The treasure hunt is up and running! The clues are devious, the prizes are great and the sun is shining. So, if you are in the Looe area, before Thursday, get yourself an entry form from the Tourist Information Centre, The Salutation, The Jolly Sailor or the Looe Lifeboat Station. All proceeds go to charity.
Matt and I had a fun old time getting the treasure hunt to work, while sneaking about town to put posters up. There should be a pic of one, above or below this text. If the event is a success – more than 10 people play! - we will think about doing another one, for next summer. So, anyone looking to help out, drop me a line.
Escaping town, (which is packed full of chip scoffing tourists right now), we took a stroll up to Waylands Fayre, yesterday afternoon. The event consisted of the same old Cornish weirdness (displays of old tractors, period motorbikes and homemade steam engines), but the trip was made worthwhile by the excellent 'Boot Fair' which runs alongside. Boot Fairs are a little like mobile Garage Sales. People pile there car boot (trunk) with tatty wonders, and try and flog them to people on hot summer days. They did quite well out of me…in all honesty…I came away with two new (shrink wrapped) Doctor Who dvds (Edge of Destruction and The Aztecs, should anyone be wondering), a collection of ghost-stories (my favourite) and four Beatrix Potter books, (always handy as gifts). That was the normal items…here come the strange ones!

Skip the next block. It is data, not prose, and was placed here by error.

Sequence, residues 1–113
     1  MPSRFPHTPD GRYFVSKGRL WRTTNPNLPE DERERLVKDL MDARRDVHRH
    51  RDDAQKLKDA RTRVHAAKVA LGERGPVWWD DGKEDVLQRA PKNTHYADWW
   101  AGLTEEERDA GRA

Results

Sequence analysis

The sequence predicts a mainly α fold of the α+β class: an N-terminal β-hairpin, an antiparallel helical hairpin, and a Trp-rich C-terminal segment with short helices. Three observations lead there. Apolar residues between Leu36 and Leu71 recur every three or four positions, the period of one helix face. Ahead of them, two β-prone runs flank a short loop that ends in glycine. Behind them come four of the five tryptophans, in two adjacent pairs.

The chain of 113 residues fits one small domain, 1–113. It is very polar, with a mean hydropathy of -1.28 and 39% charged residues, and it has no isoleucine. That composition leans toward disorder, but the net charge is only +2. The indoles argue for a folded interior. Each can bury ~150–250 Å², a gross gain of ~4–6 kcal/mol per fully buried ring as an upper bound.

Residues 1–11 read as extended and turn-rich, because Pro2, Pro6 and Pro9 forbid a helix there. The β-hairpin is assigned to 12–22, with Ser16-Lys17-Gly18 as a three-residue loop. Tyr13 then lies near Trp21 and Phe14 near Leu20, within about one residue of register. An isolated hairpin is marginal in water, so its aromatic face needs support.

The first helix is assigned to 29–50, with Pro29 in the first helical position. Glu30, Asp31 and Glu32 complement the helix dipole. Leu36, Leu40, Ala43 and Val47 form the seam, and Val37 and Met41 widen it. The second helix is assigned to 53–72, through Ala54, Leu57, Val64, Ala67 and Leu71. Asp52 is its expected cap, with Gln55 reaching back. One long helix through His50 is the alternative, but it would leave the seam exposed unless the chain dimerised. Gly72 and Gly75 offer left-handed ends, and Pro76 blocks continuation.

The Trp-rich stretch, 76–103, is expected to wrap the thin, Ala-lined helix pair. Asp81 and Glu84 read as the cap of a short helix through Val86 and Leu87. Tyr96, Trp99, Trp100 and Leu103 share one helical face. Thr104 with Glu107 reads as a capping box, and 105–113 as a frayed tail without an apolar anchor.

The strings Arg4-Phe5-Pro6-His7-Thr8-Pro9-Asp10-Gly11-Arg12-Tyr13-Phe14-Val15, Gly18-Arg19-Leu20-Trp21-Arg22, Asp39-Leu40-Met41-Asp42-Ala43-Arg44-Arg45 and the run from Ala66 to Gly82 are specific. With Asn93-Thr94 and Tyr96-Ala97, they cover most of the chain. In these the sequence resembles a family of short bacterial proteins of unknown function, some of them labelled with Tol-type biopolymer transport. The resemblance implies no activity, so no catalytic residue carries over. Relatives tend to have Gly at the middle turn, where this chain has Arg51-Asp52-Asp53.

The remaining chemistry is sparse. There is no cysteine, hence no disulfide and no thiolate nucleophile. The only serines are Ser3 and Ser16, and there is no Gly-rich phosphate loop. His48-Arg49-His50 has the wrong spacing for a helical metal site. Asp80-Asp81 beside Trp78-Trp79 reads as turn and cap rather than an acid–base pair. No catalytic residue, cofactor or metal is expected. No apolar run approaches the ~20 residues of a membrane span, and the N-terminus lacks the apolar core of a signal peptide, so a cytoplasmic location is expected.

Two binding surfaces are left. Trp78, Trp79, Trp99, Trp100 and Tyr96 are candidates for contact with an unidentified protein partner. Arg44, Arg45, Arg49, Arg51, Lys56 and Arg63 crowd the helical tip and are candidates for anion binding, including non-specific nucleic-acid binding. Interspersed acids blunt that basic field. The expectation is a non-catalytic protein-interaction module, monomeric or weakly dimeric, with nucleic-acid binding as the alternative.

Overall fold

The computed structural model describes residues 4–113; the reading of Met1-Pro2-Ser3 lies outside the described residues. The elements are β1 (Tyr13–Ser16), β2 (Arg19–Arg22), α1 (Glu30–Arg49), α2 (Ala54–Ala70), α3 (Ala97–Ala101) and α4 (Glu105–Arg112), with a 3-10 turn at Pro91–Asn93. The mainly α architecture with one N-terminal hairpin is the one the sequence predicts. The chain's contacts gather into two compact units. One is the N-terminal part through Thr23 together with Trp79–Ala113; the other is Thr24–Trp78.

Matt managed to find two bright blue Kolorkins, which he tells me are highly collectable teddies. I also bought, for 50p, a strange old Bakelite record (from the 30's I think), called English Country Dance. It's got one track, the spookily titled 'Black Nag'. I half expect, upon play, to hear the sounds of the Wayland Fayre from decades past…interrupted by the sound of the Black Nag, as it swoops from the skies to terrorise the Fayre. Much screaming and horror would follow.
On a similar note, I also spotted this rather spooky looking doll. Well, I think it's a doll. It appears to be a fawn, with a sad, glacial expression, and broken ankles. I really felt quite sorry for the poor little thing.
It was just lying there, with his piggybank friend, waiting for someone to rescue him. I feel a bit guilty now. But, where on earth would you put such a thing. Upon eying the creature, Matt mentioned that it looked like something that should be walled up in an old house. He is referring to the old custom of bricking up small holes with dolls, effigies and trinkets as protection against evil forces. Utter nonsense of course, but I could certainly see his point. I just hope someone takes pity on the poor fellow, and he goes to a good home. There's something rather tragic about a lame fawn with broken hooves.
Lastly, I'll make a quick mention of the excellent 'promotional postcards' sent out to magazines and websites, for The Lost Crown. Lighthouse have a done a super job of creating 'fake' Saxton postcards, with a note from Nigel on the reverse. The first mentions Nigel's first impressions of Harbour Cottage.
The second is more intriguing, and is distressed to suggest the postcard has travelled through time, or been in the system for decades. Of course, to those who have finished the game, all those ideas tie in with the gameplay, which is great. Large images of the postcards are in my pics area (Work Folder on MySpace), and the reverse image is also available...with Nigel's cryptic messages.
It's good to see a publisher getting the promotions right, for once, with some snappy ideas. It was a strange experience to receive the postcard through the post…from somewhere dreamt up by my own imagination! Surreal.